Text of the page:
The Max M. Fisher Resource Center

The Resource Center provides access to a database of photos, video clips, letters, documents, newspaper articles, awards and other archival material. There are several user-friendly ways to search the Resource Center. The “Quick Search” field above offers a keyword search for those who know what they are looking for. Searches can also be filtered by Topic and Type from the pull-down menus to the right. Click on any item on this screen to see more detailed information. On each detail page, click on the Related Resources for additional items of related interest.

userGuide to Resources

The User Guide is available to help give ideas that you might use to dig into the content found in this website. There are many paths to understanding Max Fisher's accomplishments. This website is designed to give you the tools to search for specific content or browse through the items that interest you most.

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Teaching Resources

Teaching Resources contain lesson plans focused on Max Fisher's four key values: Wisdom, Generosity, Service, and Leadership. Lessons include individual and group activities and trigger questions for further thought.

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myBookmarks

As you search and explore the online archives database you can add items to your personal bookmark collection. You will be able to print and save your bookmarks for future reference or share via email your findings with others.

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1961 United Foundation Torch Drive
Robert Aronson talks about the quiet diplomat.
Max Fisher speaks at the Allied Jewish Campaign fundraising event in 1958.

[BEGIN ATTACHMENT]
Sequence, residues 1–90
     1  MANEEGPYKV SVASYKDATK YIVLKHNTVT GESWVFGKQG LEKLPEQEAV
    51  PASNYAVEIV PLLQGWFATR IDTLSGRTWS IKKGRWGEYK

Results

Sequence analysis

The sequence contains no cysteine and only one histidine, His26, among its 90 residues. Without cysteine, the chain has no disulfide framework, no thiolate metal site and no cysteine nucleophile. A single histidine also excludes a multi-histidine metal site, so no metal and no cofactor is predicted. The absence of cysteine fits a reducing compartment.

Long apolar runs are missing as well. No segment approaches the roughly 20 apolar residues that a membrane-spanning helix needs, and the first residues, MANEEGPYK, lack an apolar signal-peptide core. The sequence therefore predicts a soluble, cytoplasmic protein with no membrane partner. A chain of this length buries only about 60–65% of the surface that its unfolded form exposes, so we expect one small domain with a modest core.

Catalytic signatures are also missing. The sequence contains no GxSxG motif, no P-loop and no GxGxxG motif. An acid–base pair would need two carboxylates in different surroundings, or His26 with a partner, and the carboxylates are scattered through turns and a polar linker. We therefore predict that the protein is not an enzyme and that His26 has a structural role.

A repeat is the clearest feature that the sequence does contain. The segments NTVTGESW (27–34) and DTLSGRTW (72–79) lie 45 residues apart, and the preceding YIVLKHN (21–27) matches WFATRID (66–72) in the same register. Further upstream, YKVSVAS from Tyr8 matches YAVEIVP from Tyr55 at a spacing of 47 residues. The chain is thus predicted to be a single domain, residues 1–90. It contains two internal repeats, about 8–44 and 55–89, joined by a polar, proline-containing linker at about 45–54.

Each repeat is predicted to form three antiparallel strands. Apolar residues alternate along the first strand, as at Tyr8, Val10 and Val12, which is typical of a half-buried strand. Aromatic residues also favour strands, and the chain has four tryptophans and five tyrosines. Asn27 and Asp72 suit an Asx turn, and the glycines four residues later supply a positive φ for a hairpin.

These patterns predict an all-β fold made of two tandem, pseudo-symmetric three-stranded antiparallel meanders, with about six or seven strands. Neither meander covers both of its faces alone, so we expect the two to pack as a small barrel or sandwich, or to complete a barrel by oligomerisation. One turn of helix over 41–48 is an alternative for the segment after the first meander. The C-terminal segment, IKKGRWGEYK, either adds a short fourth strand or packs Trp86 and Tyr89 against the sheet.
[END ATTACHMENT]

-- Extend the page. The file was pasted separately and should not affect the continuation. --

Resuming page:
Bob McCabe discusses Max Fisher's key role in the Detroit Renaissance, his leadership and his ability to build consensus.
Left to Right: Max M. Fisher, Detroit Mayor Coleman Young, Michigan Governor William Milliken
Max Fisher with Secretary of Commerce Robert Mosbacher and President George H. W. Bush outside the White House. Signed, "To Max - I love this shot. Your friend - George Bush"
In the Fall of 1971, Henry Ford undertook the largest single building venture in Detroit’s history. The project was the Renaissance Center, also known as “RenCen.”
Detroit business and community leaders, left to right, Robert Surdam, Henry Ford II, Max Fisher, and Robert McCabe in front of the Renaissance Center, late 1970s.
Max Fisher fundraising at the famous annual Fisher Meeting in his home, 1984.
Coleman Young amid construction of Detroit's Renaissance Center
Congratulatory letter from Brian Kott, President of the Detroit Chapter of the AJC, to Max Fisher on his receiving the National Distinguished Leadership Award.
"Believe in a brighter future for Detroit" article
Bill Berman describes Max Fisher's belief that consensus was not "the middle ground," but the process of getting a group to all reach the right decision.
The Riverfront development in Detroit, part of the city's Renaissance led by Fisher and Taubman
Edsel Ford claims the name Max Fisher is synonymous with the city of Detroit.
Max Fisher with Henry Kissinger in the White House. Signed, "To Max Fisher - With the affection and admiration of his friend - Henry A. Kissinger."